4 Facebook scams to lookout for in 2022 | #datingscams | #lovescams | #facebookscams

Scams on Facebook are not going anywhere. The platform is sadly rife with a variety of different online scams looking to defraud the platform’s massive user base.

We take a look at 4 particular scams that look as if they’re going to be prolific throughout 2022.

Get-Rich-Quick Sponsored Facebook Ads

Facebook has been promising for years to stop scammers from advertising on their platform. They haven’t done a good job. We still frequently see a number of scams reaching Facebook users via their platform’s Sponsored Ads feature.

Most notably these scams include fake “get-rich-quick” scams that lure Facebook users to the latest “get-rich” system – often exploiting the names of popular cryptocurrencies – whereby users can apparently make tons of money by signing up. Of course that isn’t true and what really happens is that users are lured to shady, unregulated trading websites where nearly everyone will ultimately lose any money they deposit into them.

These fake ads (like the one above) often use the names of celebrities to trick Facebook users into thinking they’re legitimate.

Tip: Be wary of any “system” that claims you can get rich quickly and easily. Such “opportunities” will always be scams. Examples include “The Bitcoin Code”, “The Bitcoin Loophole” and “The Bitcoin Revolution.”

“You’ve Won” replies to comments

There are literally hundreds of thousands of fake giveaways operating on Facebook at any one time, and this broad category of scam has a number of different variations. For example, fake Facebook pages posing as legitimate brands asking users to “like, share and comment” on a post before trying to lure them to a spammy marketing website that steals their personal information.

For 2022 we’ve noticed with increasing frequency that these scammers are branching out. Instead of just relying on users stumbling upon their fake Facebook pages and “giveaway” posts, they’re now actively targeting fans of legitimate Facebook pages to find potential victims.

For example we’ve seen these scammers flock to Facebook posts made by legitimate pages (for example legitimate competitions or videos by social media personalities) and reply to the comments made on these posts in order to lure Facebook users to their own scam Facebook pages and websites.

The above image shows a comment by a user on a popular Facebook post and the scammers replying to that comment by asking them to click on their profile name.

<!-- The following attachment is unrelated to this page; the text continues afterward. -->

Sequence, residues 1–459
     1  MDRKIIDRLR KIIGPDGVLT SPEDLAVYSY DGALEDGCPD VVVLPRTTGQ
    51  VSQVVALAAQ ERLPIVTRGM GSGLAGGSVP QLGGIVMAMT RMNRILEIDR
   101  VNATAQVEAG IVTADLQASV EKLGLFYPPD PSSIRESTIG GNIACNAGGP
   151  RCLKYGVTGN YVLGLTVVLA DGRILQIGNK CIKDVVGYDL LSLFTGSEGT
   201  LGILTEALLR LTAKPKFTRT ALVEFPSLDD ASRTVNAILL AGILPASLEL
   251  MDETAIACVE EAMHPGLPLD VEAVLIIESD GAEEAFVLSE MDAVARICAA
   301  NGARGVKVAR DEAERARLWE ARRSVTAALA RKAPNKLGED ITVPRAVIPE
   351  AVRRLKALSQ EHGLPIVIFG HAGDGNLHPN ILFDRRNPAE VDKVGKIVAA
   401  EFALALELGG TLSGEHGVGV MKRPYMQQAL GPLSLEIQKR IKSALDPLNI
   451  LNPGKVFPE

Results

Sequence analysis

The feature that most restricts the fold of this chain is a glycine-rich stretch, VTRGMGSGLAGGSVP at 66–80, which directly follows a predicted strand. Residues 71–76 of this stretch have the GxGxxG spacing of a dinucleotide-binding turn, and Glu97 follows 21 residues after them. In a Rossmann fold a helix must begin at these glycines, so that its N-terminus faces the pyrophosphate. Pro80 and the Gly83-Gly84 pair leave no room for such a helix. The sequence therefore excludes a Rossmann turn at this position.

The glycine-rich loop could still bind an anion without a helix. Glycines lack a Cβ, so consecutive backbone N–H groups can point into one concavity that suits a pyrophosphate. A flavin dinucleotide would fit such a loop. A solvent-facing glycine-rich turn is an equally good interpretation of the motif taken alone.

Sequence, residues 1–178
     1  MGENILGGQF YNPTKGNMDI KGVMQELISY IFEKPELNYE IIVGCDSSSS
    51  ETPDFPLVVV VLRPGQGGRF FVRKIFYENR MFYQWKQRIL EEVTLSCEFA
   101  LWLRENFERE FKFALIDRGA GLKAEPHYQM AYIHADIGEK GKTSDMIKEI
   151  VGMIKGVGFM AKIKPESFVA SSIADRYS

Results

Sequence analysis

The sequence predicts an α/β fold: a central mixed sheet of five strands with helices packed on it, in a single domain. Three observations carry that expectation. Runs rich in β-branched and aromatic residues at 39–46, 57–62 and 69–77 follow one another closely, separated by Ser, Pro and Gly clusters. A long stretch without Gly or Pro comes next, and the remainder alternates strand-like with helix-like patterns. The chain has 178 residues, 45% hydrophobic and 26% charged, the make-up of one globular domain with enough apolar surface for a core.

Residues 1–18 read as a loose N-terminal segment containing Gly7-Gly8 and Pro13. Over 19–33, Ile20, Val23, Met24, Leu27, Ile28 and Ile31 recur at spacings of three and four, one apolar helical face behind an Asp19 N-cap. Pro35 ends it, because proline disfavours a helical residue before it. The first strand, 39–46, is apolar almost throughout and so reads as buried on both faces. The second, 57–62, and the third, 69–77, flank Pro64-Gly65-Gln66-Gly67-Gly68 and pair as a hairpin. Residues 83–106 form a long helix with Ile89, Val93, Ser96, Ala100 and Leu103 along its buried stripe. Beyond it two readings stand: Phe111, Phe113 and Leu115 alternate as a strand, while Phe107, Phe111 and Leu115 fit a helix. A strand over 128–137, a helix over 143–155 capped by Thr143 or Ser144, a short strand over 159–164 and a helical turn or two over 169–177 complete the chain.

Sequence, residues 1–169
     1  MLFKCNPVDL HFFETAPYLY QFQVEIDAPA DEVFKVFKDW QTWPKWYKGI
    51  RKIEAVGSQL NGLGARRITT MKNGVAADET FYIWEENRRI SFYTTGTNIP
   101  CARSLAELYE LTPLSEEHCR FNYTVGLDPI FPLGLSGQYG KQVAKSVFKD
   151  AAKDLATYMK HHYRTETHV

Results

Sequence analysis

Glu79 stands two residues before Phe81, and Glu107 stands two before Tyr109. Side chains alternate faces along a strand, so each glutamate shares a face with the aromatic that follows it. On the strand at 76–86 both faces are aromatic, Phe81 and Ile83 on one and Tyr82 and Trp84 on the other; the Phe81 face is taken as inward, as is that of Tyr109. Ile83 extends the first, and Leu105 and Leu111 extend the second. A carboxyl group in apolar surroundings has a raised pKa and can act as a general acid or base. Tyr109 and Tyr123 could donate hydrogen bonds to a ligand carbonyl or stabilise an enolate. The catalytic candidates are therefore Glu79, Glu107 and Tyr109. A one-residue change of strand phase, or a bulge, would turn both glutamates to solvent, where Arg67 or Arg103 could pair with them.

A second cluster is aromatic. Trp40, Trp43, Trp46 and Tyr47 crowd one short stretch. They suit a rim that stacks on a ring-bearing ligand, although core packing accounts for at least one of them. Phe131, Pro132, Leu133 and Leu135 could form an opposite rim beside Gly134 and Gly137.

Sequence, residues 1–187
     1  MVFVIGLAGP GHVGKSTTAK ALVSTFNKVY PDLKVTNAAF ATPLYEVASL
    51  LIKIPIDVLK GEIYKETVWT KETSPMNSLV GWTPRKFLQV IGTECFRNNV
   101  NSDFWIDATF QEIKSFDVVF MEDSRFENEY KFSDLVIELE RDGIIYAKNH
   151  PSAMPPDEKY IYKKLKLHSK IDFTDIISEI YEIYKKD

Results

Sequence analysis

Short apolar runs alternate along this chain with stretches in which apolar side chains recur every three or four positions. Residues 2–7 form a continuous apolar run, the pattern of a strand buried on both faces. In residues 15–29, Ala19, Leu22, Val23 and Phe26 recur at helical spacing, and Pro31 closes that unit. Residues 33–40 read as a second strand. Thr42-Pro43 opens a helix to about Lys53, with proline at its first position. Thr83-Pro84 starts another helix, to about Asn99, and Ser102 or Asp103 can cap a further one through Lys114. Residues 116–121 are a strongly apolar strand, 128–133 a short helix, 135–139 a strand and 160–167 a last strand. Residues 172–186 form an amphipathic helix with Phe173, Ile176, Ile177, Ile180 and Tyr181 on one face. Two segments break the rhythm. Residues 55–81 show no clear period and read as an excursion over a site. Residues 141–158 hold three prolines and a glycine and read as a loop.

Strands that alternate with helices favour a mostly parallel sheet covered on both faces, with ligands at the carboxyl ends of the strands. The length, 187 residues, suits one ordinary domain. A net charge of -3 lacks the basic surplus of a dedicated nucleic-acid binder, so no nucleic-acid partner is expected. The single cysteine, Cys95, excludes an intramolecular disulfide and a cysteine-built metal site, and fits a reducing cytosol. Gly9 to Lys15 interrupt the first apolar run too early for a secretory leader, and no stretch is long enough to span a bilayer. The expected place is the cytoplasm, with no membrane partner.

We’ve already discussed how many different scammers are flocking to viral social media posts in our article here.

Sponsored Content. Continued below…

Romance scammers

Romance scammers are prolific on Facebook, helped in part by Facebook’s refusal to remove their profiles and comments. Romance scams have been one of the online crimes to flourish since the pandemic began, and social media has often proved be an effective watering hole for these crooks.

Again we’re seeing an uptick in scammers replying to comments on popular Facebook posts in order to try and find potential victims (below.)

These scammers attempt to befriend Facebook users, lure them to sending a friend request, and then develop a relationship with them. And finally the scammer will attempt to manipulate the victim into sending money over the Internet or by mail.

And sadly again we’ve seen Facebook refuse to remove these comments and profiles because they “don’t violate their terms of service”. As such, romance scammers will once again be a frequent fixture on Facebook for 2022.

Tip: Never send money to someone you met online. Scammers are particularly adept at emotionally manipulating victims with the objective of getting them to send money.

Facebook Messenger phishing links sent by “friends”

We’re still seeing an uptick in scams that start when the victim gets a link sent to them by a Facebook friend. Only of course it isn’t the Facebook friend that actually sent the message. It’s a crook who has gained access to their account and is now posing as that friend.

The link the “friend” sends will try and entice the victim into clicking it by accompanying the link with a message such as “look who died” or “is this you?”.

An example Facebook message trying to entice the recipient into clicking the link.

The link leads to a fake Facebook login page asking for the victim’s username and password. And that information is sent to a scammer if the victim enters it!

Tip: Don’t click on unexpected links sent via Facebook Messenger, even if they appear to be sent by a friend. Always confirm with the friend outside of Facebook is they really did send the link.

Keep up-to-date with all the latest cybersecurity threats and our tips to stay safe online. Follow us on Facebook, Instagram and Twitter.

Continued below…

Thanks for reading! But before you go… as part of our latest series of articles on how to earn a little extra cash using the Internet (without getting scammed) we have been looking into how you can earn gift vouchers (like Amazon vouchers) using reward-per-action websites such as SwagBucks. If you are interested we even have our own sign-up code to get you started. Want to learn more? We discuss it here. (Or you can just sign-up here and use code Nonsense70SB when registering.)

Become a Facebook Supporter. For 0.99p (~$1.30) a month you can become a Facebook fan, meaning you get an optional Supporter Badge when you comment on our Facebook posts, as well as discounts on our merchandise. You can subscribe here (cancel anytime.)

Click Here For The Original Source

. . . . . . .